Shortly thereafter, Muhammad decided to intercept a Qurayshite caravan led by Abu Sufyan, which was returning from Syria to Mecca.  As the Muslims advanced towards it, the Quraysh of Mecca were informed of this news and quickly organized a response.  Abu Jahl mobilized a large army who marched out from Mecca to meet Muhammad and protect Abu Sufyan’s caravan.

Abu Sufyan’s caravan successfully slinked past Muhammad’s men and into safety, which caused both the Muslims and the Qurayshite army to reconsider their objectives.   A group of the Quraysh argued that “there is no point in going to war” [22] now that Abu Sufyan’s caravan was safe.  They advised to

turn back and leave Muhammad to the rest of the Arabs. If they kill him, this is what you want. [23]

Abu Jahl, one of the powerful chiefs of Mecca, rejected this argument and declared: “No, by God, we will not turn back until God decides between us and Muhammad.” [24] With this said, most of the Qurayshite army pressed on towards Muhammad and his men, with an intent to deliver the Islamic movement a decisive blow once and for all.

Meanwhile, the early Muslims were themselves conflicted as to whether or not to retreat to Medina or to face the Qurayshite army marching toward them.  They certainly had the numbers to take on Abu Sufyan’s caravan, but they were heavily outnumbered against the larger Qurayshite force headed by Abu Jahl.  Some of Muhammad’s followers advised a hasty retreat.  But, Muhammad was of a different mind and decided to face the threat head on.  Of this, the Quran declared to the believers:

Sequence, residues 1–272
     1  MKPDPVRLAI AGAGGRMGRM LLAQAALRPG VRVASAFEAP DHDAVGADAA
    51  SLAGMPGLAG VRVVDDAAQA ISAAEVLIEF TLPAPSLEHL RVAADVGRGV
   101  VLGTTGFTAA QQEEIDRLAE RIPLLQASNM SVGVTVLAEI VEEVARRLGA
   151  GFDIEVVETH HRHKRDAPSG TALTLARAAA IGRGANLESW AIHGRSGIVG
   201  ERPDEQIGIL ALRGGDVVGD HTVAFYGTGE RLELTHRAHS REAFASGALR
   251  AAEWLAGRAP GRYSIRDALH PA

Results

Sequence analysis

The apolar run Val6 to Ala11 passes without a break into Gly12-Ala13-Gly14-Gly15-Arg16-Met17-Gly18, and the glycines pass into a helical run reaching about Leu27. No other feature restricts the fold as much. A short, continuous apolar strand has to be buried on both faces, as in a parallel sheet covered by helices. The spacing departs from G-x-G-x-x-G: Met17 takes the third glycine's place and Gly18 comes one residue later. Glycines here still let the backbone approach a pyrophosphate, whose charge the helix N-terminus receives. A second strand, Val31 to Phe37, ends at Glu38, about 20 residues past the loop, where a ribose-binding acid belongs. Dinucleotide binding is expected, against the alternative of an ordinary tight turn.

God promised you that one of the two enemy groups would fall to you: you wished the unarmed one to be yours, but it was God’s will… to cut off the root of the disbelievers, so that He may make the truth manifest and prove falsehood false, however hateful this be to the criminals. (Quran, 8:7-8)

It seems that both Abu Jahl and Muhammad saw it as a sign of weakness to retreat, one that would only embolden the other.  So it was that the two forces met at a place called Badr.  The Battle of Badr was the first (and most pivotal) battle of Islamic history.  In the words of Robert Spencer:

Above all, the battle of Badr was the first practical example of what came to known as the Islamic doctrine of jihad… [25]